The gist of this provision is that the builder pays real estate taxes through the date of closing, but only on the value of the land as unimproved. The builder will not pay any taxes that result from the new construction because the benefit of that construction belongs to the buyer.

To illustrate how this would work, let’s assume the closing is on June 1, 2006 and the new house sits on a 1/4 acre lot. The tax bill for 2005 is out and the tax was $12,000 per year, because that land was a 100-acre farm prior to construction. The tax bill for 2005 would be paid prior to or out of closing.

Let’s further assume that construction started March 1, 2006, was completed on May 25, 2006, and was given it’s own p.i.n. number prior to closing. When the tax bill for 2006 comes out in 2007, it will be assessed at a much higher value than when it was used as a farm. The county township assessor will likely consider that higher value to attach at some time prior to closing. The higher value might also include a period of time for which the land is only partially improved since the new house was under construction but not yet completed for some period of time in 2006. But none of that affects our proration under the builder’s contract, unless for some period of time in 2006 that higher value applies only to the land as unimproved. For this example we will assume the county township assessor considered the value of the land as unimproved to be the same as when it was farm land.

Under the builder’s contract, we prorate through the date of closing based on the unimproved value of the land. The builder would find out from the county township assessor what the tax was for the land as unimproved. Since we are assuming it is the same as when the land was a farm, it would be $250 per year (the amount of $12,000 attributable to 1/4 acre out of a 100 acre parcel). We would divide $250 by 365 to find that the builder’s obligation for 2006 taxes on a per diem basis would be 68¢. Since our closing is June 1, there would be 152 days of 2006 through the day of closing. To find the builder’s portion of the real estate tax, we would just multiply .68 x 152, which gives us $103.36. Anything over and above that amount would be the buyer’s responsibility under the contract. The contract above provides for the builder to pay its share of the tax when the bill comes out, thus there would be no credit to the buyer for 2006 taxes on the HUD-1. Other contracts do provide for a credit, and in that case the HUD-1 would show a credit to buyer of $103.36 for real estate taxes (and a corresponding charge against seller’s proceeds), with the buyer knowing that the actual 2006 bill will reflect a much higher tax rate, perhaps even for some period of time prior to closing.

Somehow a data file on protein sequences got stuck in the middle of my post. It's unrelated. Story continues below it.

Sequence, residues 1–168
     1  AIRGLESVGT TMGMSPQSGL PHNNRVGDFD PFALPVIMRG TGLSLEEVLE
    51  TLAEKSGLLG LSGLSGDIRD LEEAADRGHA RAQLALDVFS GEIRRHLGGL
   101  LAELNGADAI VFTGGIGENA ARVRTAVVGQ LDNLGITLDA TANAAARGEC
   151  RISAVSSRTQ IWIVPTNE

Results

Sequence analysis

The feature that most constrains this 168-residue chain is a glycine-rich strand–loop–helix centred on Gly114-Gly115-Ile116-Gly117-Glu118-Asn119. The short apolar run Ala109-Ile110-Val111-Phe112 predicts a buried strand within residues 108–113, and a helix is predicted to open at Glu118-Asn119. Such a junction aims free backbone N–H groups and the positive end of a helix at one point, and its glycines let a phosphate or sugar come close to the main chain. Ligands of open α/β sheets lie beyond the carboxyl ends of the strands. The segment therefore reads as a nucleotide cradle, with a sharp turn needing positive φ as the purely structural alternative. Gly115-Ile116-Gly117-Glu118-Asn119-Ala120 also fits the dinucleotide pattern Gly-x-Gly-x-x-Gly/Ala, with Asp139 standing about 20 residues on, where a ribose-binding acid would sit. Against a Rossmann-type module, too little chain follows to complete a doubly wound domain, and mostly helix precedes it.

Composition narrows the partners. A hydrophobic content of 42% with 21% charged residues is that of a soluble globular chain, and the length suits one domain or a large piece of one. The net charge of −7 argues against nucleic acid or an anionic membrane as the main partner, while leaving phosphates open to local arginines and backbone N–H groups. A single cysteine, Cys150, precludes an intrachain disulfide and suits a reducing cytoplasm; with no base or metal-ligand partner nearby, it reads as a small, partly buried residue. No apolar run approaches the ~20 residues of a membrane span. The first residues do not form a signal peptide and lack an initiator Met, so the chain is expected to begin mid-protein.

But whether or not a credit is reflected on the HUD-1, the upshot is that the builder will be responsible for a small portion of 2006 taxes and the buyer will be responsible for the balance of the bill. The example above contemplates that the 2006 bill may go either to the seller or the buyer, and provides that whoever gets the bill must notify the other so that each party can pay its share within an appropriate amount of time.

If the property is not divided into separate parcels at the time of closing and is still considered by the county to be a part of a 100 acre farm, then taxes will have to be “reprorated” later when the land is divided into parcels and tax bills are issued for each parcel. Many contracts contain the term “reproration,” and although the above example does not, it provides for reproration where it state “Real estate taxes shall be adjusted such that purchaser will be responsible for taxes computed on both land and any improvements thereon whether or not assessed as fully completed, from and after the closing date and Seller shall be responsible for the portion of the tax bill applicable to the period prior to the closing date, but only for the assessment attributable to unimproved land.” Under the contract provision set out above, no credit would appear on the HUD-1 for 2006 taxes. Instead, the seller and the buyer would calculate the tax (using the same method as described above) at the time the 2006 bill was issued.

If the contract provided for a credit to buyer, the HUD-1 would show a credit to buyer of $103.36 (and a corresponding charge against seller’s proceeds) for 2006 real estate taxes because that would be the amount attributable to 1/4 acre of the 100 acre total. However, perhaps when the land is divided and reassessed, not all will have the same unimproved value. Therefore, even though there was a proration at closing, the tax obligation would be adjusted accordingly, or “reprorated,” when the 2006 bill is issued 2007.